LOGAN, Utah, July 23, 2021 (Newswire.com) - California has been notorious for its strikingly different labor laws than the rest of the United States, especially when it comes to overtime. Employers and managers all over this West Coast state often scratch their heads, wondering how to correctly record and pay for the time their employees work.
Grant Esser, Head of Marketing at time clock software company, TimeClick, decided to address the common confusion of Californian business managers by publishing a detailed, but easy-to-understand, guide on the current California overtime laws.
As a disclaimer, he quickly notes that the guide should not be taken as legal advice, but is rather a general overview of the policies. Therefore, if you're making a legal decision concerning the matter, TimeClick recommends consulting a California employment law specialist.
Overtime is the paying of one and a half times an employee's regular rate for overtime hours worked. There are several unique types of overtime schedules you are required to pay your employees for in California. They include daily overtime, weekly overtime, double-time, 7-day workweek overtime, and combinations of these types. The guide covers each of these schedules and provides examples for each.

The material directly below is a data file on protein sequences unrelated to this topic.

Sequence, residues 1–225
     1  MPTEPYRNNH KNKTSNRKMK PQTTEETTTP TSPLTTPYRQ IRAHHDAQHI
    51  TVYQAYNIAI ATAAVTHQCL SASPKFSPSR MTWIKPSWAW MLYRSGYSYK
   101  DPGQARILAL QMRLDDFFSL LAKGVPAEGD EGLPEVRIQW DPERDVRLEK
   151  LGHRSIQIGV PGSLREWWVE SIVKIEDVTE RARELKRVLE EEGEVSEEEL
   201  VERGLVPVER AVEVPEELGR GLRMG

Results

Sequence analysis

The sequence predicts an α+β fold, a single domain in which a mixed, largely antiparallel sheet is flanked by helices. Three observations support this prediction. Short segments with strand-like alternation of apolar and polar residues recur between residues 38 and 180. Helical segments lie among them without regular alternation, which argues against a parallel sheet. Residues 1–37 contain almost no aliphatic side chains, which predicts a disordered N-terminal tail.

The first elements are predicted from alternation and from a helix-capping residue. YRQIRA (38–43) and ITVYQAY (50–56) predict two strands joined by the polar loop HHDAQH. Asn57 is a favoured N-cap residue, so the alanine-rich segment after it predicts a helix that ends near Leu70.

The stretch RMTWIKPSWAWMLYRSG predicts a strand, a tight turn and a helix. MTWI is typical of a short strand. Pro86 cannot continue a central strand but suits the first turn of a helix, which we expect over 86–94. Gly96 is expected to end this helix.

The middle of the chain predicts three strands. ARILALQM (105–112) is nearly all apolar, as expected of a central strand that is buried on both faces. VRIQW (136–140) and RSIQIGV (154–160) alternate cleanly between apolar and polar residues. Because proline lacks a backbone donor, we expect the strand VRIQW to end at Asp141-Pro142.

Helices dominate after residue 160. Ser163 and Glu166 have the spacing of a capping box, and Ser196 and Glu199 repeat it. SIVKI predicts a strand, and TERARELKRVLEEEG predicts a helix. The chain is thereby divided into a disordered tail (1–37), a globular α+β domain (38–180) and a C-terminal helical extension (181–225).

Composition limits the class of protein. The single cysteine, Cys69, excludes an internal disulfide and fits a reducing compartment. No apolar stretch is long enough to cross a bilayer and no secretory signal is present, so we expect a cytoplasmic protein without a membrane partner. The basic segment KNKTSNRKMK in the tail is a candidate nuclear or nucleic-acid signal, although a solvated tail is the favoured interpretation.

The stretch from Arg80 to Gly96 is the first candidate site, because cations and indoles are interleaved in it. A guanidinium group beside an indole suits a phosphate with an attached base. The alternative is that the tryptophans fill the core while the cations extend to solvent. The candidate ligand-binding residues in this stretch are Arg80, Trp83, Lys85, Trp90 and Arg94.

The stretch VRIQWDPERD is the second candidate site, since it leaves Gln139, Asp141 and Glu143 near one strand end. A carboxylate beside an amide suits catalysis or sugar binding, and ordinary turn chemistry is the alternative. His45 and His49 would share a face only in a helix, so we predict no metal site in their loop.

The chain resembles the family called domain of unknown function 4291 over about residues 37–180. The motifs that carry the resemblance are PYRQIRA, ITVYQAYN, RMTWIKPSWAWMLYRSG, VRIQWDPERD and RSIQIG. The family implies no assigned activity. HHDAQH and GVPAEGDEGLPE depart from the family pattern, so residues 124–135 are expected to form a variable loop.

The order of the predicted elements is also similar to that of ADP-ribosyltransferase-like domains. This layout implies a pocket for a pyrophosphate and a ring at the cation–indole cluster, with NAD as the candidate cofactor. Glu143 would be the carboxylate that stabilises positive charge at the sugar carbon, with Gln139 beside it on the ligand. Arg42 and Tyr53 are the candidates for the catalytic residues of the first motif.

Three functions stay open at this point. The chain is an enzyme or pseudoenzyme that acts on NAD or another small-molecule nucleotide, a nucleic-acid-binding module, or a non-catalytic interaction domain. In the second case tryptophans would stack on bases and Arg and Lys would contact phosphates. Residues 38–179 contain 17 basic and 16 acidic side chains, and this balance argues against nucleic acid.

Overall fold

First, daily overtime occurs when an employee works for more than 8 hours, but no more than 12 hours in one workday. It is only recognized by a few states, including California.
Weekly overtime is when an employee works for more than 40 hours in one workweek. This overtime type is observed in every state of the country according to the Fair Labor Standards Act (FLSA). The rate for both daily and weekly overtime is 1.5 times the employee's regular pay rate.
Double-time is also a rare overtime type, usually given to nurses and emergency responders. With this schedule, twice the employee's regular rate is paid if they work more than 12 hours in one day.
Overtime from a 7-day workweek is when an employee works 7 days in a row. California law states that in this case, the entire 7th day is counted as overtime and the employee should be paid 1.5 times more than their usual rate.
There are some exceptions to these laws if your employee is exempt. To see if your employees are exempt, TimeClick recommends you receive professional guidance or visit the state of California's website.
Esser states, "You can't afford to mess up on paying your employees overtime where it's required." If you're a California business, make sure you're prepared to prevent overtime, keep your payroll costs low, and stay out of messy legal situations.
To read the full guide, visit https://www.timeclick.com/california-overtime-laws-2021/.